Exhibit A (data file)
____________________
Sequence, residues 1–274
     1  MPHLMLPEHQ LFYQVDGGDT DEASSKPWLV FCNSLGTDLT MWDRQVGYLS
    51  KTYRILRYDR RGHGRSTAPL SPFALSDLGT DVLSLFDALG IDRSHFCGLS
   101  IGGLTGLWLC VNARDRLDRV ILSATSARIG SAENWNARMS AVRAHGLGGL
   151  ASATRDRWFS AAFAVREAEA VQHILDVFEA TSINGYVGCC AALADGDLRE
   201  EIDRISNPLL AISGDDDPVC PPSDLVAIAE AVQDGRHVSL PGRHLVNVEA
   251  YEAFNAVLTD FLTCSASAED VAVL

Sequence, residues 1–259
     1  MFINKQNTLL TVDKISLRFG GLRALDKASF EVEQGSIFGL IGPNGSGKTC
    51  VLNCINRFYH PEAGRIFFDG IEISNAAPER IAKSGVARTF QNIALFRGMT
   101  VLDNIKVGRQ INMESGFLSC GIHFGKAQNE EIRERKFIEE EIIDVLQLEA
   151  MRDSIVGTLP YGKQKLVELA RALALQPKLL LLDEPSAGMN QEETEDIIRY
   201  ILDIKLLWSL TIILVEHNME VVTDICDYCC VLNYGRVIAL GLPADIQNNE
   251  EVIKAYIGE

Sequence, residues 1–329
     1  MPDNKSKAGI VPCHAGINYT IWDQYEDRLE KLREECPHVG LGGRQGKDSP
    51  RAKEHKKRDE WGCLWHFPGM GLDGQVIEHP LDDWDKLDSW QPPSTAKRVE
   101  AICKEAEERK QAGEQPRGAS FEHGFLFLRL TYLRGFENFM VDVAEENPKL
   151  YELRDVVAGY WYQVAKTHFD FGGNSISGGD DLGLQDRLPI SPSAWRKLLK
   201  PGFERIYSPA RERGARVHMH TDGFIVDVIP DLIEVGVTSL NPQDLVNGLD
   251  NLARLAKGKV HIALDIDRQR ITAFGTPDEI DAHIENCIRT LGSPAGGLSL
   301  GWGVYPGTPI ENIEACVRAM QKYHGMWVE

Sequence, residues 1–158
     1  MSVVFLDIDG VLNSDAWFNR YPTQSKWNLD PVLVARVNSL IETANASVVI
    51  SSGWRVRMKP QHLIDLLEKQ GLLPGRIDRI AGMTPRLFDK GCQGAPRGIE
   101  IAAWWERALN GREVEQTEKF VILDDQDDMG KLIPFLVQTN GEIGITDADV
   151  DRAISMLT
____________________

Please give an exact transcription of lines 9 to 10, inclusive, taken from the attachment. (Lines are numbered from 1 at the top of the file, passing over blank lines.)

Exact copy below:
     1  MFINKQNTLL TVDKISLRFG GLRALDKASF EVEQGSIFGL IGPNGSGKTC
    51  VLNCINRFYH PEAGRIFFDG IEISNAAPER IAKSGVARTF QNIALFRGMT